Roman Robroek has a passion for photographing abandoned buildings. His stunning—sometimes shocking—pictures reflect his love of architecture, culture, and history. As you look at his time capsule photographs, you can’t help but wonder: What happened here? But his series on European churches in various states of decay evokes a particular curiosity. One photo of a 19th-century Gothic chapel—its floor covered in vegetation—captures both the grandeur of God and the temporal nature of our human attempts at glory.
Hosea 10 continues the indictment for Israel’s idolatry, but the tone shifts slightly from the first-person accusations of previous chapters. Here, Hosea describes the lustful nature of the people’s worship. They welcomed God’s provision, but only for their personal fulfillment, using His blessings to multiply their altars and idols (v. 1). By increasing their veneration of these pagan fertility gods, they hoped for even greater prosperity. Whatever they received only fueled the desire for more. They were never satiated as they lusted after all the wrong things.
The Lord’s simple solution to their misplaced, mercenary devotion was demolition and destruction (v. 2). He promised to tear down their altars and their sacred stones. They were foolish to rejoice in temporal things. The golden calf would soon be stolen (vv. 5, 6). The “high places” they built would be covered by thorns and thistles (v. 8). In addition to their idolatry being sinful, the Lord let them know, it was also perishable. It could not stand against nature, enemies, and most of all, the mighty hand of God. “All people are like grass, and all their glory is like the flower of the field; the grass withers, and the flower falls off” (1 Peter 1:24).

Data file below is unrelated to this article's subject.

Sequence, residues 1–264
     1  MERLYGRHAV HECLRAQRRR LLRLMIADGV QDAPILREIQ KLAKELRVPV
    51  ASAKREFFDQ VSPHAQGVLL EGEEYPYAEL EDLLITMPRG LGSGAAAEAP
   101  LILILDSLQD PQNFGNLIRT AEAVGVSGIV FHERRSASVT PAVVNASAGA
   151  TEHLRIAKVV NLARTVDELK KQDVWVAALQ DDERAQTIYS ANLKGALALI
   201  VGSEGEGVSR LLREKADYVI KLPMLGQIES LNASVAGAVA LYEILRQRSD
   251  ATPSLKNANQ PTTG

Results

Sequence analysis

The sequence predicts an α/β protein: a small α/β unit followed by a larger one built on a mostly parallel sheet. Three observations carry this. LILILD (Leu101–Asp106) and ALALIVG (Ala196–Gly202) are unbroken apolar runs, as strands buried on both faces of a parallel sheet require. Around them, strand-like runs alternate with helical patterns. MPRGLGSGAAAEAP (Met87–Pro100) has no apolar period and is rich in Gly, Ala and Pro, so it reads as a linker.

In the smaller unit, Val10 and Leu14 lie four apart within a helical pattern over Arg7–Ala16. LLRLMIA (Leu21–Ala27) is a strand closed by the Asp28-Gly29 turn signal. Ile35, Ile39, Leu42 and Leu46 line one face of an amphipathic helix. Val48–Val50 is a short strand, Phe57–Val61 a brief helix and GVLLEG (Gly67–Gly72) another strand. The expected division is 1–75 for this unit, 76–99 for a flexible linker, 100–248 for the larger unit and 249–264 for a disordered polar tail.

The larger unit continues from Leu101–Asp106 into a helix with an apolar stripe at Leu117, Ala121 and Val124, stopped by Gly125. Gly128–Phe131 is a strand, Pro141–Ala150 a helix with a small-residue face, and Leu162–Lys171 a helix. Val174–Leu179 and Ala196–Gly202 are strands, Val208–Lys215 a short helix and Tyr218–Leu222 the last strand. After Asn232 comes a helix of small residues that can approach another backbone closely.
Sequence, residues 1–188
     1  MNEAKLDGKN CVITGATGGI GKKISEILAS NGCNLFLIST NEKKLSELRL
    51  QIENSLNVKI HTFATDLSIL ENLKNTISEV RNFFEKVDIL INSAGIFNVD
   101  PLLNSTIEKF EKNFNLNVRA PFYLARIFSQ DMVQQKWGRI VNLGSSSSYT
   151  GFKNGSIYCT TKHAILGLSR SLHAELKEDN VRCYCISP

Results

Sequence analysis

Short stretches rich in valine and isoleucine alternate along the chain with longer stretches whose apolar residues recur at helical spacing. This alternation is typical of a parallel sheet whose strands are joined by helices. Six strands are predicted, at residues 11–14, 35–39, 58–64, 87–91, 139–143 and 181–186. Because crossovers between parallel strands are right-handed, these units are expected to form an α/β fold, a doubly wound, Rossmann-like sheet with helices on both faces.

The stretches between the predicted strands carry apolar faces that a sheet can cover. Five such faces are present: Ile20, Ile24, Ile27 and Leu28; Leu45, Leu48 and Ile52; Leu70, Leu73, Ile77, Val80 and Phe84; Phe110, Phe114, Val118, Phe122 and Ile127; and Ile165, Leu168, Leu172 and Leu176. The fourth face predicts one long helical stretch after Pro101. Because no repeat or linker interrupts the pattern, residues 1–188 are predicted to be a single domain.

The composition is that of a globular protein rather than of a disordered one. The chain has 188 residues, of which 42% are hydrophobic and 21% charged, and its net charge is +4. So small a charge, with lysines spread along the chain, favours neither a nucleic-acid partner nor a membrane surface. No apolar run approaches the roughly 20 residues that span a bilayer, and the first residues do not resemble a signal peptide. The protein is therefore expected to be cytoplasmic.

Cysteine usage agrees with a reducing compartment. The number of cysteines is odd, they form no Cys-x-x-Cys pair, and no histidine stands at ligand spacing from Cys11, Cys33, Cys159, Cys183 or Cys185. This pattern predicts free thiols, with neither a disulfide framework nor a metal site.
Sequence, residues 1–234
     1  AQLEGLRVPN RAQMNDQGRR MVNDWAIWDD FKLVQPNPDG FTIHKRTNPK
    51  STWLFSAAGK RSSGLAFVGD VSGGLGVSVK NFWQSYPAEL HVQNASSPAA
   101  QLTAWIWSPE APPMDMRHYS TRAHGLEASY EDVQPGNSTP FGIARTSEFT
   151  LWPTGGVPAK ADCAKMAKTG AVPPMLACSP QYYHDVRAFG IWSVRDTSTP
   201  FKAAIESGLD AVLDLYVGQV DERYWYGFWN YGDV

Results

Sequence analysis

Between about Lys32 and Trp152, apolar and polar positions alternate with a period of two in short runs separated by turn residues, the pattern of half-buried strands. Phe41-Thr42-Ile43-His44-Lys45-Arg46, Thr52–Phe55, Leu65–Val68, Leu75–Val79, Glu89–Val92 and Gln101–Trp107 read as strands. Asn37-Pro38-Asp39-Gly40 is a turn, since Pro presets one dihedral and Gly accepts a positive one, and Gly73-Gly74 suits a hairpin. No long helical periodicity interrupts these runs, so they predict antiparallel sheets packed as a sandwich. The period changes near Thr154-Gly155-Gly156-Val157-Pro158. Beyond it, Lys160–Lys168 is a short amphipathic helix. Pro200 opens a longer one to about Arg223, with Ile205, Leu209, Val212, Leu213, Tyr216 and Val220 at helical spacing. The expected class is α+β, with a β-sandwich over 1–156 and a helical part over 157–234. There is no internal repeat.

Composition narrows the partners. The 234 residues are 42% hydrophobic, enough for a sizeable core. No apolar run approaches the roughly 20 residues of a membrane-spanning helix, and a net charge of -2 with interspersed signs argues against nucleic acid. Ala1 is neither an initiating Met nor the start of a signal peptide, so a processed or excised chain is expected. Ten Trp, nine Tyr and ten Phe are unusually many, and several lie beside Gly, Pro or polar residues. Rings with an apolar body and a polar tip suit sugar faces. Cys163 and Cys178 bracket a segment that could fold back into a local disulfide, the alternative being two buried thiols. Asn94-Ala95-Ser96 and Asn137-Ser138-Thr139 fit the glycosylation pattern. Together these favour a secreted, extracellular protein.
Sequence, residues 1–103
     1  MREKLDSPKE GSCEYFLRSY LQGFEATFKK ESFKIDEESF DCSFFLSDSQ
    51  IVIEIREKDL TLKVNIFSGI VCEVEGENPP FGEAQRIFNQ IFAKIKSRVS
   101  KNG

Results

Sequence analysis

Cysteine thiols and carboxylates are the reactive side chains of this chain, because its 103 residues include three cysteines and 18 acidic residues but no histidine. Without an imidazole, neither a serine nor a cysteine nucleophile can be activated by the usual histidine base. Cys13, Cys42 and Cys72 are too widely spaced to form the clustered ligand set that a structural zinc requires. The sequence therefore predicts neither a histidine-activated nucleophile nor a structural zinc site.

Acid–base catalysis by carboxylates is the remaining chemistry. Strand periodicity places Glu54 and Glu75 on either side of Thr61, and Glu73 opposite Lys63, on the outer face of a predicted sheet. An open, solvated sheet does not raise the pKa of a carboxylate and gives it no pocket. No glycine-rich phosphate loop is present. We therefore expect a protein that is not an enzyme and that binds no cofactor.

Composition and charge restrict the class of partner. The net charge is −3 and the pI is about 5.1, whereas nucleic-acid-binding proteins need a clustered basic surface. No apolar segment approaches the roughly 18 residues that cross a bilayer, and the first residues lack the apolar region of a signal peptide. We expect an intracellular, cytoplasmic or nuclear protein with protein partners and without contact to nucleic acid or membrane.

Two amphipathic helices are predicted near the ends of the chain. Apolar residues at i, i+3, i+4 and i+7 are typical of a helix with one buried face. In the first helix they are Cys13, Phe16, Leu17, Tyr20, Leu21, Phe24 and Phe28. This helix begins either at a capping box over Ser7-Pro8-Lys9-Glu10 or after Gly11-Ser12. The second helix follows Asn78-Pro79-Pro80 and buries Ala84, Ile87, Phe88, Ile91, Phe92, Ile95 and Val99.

>> We can’t keep reading Hosea without coming back to that same question: What idols do we worship? In what ways do we sometimes use God’s gifts for selfish gain? Consider the idolatry you may be practicing and how you can make this right.
Lord, at times we worship other human beings—parents, pastors, leaders—and when they fail, shattering our illusions, we despise them. Forgive us for our idolatry, for detesting those who disappoint us.